To Autumn

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John Keats’ “To Autumn” monopolizes us in the splendor of the fall season. Through precisely detailed imagery, Keats paints a portrait of autumn’s beauty. The “mists and mellow fruitfulness,” “barred clouds,” and “full-grown lambs” transport us to a serene countryside. The poem’s rich and sensual imagery reflects the reverence for existence found in Cheryl Schindler’s “The Ultra Violet of Being.” Keats’ verses celebrate nature’s bounty in every line.

 

  1. “Sonnet 18” by William Shakespeare

Sonnet 18

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William Shakespeare’s “Sonnet 18” is a persistent declaration of love’s immortality. In this sonnet, the beloved is likened to a “summer’s day.” The bold description of the beloved’s beauty ensures it will live eternally “in eternal lines.” Shakespeare’s metaphors, comparing the beloved to the “rough winds” and “darling buds of May,” interest our senses and emphasize the timeless nature of love. The poem mirrors the exploration of perpetual themes found in “The Ultra Violet of Being.”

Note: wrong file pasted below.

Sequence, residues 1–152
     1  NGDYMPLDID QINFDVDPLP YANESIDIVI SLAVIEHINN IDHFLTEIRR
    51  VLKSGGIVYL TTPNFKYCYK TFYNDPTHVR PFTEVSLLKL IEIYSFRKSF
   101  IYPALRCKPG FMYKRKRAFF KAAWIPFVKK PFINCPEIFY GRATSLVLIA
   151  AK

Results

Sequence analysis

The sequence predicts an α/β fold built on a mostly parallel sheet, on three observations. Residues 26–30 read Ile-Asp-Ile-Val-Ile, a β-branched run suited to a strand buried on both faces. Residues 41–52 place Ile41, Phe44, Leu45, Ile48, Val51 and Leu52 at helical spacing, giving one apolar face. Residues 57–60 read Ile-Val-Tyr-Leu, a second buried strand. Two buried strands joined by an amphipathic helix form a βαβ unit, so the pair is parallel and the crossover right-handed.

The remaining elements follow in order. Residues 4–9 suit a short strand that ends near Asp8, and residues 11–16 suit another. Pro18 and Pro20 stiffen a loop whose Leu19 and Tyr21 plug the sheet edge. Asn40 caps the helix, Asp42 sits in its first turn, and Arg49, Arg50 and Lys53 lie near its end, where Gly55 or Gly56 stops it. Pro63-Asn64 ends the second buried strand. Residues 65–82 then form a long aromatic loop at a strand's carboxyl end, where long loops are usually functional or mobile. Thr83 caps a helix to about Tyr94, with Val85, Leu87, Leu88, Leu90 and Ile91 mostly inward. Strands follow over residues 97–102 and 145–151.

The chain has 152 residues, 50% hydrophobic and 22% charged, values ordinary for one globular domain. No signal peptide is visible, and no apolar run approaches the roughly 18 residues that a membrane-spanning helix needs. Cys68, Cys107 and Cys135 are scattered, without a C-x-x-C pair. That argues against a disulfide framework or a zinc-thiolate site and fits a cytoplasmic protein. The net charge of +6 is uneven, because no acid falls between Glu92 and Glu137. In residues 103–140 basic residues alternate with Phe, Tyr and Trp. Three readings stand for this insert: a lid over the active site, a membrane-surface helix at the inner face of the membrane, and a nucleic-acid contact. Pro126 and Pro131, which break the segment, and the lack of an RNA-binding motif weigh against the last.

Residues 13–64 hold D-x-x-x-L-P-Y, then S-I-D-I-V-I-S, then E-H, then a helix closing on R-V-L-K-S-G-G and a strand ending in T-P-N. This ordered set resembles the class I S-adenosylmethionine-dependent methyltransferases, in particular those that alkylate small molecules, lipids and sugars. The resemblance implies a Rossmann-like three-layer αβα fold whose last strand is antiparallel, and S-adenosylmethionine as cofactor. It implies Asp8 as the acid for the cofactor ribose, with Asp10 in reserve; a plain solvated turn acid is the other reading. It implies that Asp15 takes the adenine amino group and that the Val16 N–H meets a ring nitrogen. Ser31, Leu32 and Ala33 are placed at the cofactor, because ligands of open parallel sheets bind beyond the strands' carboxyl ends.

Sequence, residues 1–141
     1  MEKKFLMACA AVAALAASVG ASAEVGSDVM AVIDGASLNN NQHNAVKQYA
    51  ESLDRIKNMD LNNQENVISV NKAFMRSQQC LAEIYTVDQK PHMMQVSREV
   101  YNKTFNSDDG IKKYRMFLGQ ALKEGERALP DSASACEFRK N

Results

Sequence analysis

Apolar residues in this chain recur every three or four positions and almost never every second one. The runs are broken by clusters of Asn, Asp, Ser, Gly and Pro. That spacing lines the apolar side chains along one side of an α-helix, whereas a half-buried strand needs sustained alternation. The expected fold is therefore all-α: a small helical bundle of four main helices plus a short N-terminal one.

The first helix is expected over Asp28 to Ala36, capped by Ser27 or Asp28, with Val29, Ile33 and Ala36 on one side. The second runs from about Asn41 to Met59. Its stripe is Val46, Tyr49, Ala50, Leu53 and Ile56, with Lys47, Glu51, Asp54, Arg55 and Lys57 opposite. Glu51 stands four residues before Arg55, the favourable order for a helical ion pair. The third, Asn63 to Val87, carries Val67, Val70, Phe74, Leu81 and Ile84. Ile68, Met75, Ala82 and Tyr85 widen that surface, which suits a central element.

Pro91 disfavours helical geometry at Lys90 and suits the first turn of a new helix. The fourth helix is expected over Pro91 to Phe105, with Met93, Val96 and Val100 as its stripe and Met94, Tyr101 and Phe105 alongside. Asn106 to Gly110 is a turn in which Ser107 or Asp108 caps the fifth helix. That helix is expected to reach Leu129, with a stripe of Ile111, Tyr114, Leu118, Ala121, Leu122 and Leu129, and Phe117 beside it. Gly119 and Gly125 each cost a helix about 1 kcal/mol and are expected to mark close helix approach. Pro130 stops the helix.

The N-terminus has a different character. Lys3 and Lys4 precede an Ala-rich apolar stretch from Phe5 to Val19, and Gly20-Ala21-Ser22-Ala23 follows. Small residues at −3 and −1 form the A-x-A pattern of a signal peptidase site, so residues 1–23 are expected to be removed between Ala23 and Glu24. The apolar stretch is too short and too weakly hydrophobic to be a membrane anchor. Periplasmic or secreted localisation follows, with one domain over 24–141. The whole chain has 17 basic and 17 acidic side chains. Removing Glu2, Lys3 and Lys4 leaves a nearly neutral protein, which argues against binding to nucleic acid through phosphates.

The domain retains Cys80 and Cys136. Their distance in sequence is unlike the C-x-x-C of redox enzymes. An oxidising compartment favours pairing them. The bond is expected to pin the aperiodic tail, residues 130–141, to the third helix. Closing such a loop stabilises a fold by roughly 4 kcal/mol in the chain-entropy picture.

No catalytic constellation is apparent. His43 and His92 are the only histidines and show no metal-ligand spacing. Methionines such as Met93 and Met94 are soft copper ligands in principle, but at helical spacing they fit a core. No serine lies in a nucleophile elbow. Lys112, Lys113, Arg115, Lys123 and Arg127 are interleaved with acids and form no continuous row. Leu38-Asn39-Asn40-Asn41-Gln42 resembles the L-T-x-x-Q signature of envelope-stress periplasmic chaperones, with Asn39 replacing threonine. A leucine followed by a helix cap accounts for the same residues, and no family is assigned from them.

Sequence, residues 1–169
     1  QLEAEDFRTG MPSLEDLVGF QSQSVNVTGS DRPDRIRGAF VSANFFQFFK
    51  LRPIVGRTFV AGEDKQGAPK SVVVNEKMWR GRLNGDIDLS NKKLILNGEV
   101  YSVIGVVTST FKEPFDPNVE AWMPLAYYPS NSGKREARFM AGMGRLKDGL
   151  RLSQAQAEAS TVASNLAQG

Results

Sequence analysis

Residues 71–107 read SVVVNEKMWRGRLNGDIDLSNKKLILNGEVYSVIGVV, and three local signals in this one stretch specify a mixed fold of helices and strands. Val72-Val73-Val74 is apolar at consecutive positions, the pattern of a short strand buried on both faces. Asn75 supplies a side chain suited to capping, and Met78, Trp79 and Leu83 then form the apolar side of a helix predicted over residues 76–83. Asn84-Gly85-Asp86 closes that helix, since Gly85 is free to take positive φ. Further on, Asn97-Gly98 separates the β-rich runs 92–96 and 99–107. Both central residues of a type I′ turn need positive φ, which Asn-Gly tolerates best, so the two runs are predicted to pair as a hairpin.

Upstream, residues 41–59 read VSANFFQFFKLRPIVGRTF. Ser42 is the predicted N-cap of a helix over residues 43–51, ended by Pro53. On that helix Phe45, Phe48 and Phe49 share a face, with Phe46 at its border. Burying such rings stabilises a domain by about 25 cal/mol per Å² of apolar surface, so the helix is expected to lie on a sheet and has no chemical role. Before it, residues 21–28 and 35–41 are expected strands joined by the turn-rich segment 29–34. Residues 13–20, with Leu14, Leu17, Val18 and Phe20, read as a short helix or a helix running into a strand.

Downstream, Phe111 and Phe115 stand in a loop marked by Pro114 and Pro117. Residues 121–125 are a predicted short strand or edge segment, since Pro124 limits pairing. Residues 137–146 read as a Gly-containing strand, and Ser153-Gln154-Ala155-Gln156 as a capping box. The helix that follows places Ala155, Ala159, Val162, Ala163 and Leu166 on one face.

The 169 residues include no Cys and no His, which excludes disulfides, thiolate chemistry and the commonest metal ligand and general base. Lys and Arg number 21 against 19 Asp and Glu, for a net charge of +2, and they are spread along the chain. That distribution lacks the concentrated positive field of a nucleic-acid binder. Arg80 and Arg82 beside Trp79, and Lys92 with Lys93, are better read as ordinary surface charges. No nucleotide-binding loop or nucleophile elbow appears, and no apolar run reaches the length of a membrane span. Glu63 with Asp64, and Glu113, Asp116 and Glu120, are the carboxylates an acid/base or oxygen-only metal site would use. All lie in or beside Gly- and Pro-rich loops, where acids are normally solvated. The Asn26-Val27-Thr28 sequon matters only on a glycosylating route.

1. “I Wandered Lonely as a Cloud” by William Wordsworth

I Wandered Lonely as a Cloud

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“I Wandered Lonely as a Cloud” by William Wordsworth is a sensory-rich exploration of the therapeutic power of nature. Wordsworth’s descriptions of a field of “golden daffodils” dancing in the breeze transport us to a serene lakeside scene. The sheer abundance of daffodils and the joyful description of their “fluttering and dancing” arouse a profound sense of awe and inspiration. This connection between the human spirit and the natural world reflects the themes of introspection and discovery prevalent in post modern poetry like “The Ultra Violet of Being.”

 

  1. “How Do I Love Thee?” by Elizabeth Barrett Browning

How Do I Love Thee

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Elizabeth Barrett Browning’s “How Do I Love Thee?” deeply examines the myriad ways love can be expressed. The poem’s structure, with the speaker repeatedly asking, “How do I love thee?” underscores the inexhaustible nature of love. From the “depth and breadth and height” to “soul’s silent tears,” Browning’s detailed list of comparisons paints a comprehensive portrait of love’s boundless dimensions. This poem mirrors Cheryl Schindler’s best modern poetry of self and identity. Browning’s heartfelt words blare deeply with anyone who has contemplated the depths of their own emotions.

 

  1. “The Sun Rising” by John Donne